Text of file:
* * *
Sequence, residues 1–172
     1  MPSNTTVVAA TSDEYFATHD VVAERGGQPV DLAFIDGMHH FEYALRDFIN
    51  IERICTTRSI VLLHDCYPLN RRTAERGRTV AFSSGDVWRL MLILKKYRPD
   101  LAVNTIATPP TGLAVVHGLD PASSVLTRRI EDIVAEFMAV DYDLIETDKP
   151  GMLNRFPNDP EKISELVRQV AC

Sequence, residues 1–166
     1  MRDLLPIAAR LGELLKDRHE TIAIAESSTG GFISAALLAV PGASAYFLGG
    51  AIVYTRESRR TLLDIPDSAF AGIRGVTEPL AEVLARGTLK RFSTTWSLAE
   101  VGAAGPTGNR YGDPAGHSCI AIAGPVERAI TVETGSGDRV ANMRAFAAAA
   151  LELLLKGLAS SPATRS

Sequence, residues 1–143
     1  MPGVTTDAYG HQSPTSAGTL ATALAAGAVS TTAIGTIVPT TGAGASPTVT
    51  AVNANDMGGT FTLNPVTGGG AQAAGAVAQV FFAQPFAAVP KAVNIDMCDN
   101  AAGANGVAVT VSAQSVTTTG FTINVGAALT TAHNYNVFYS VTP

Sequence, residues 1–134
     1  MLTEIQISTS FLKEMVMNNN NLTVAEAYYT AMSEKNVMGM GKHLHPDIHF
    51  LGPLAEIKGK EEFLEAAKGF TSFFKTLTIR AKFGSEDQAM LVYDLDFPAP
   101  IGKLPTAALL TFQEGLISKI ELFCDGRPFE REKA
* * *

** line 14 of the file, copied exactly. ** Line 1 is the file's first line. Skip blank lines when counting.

   101  AAGANGVAVT VSAQSVTTTG FTINVGAALT TAHNYNVFYS VTP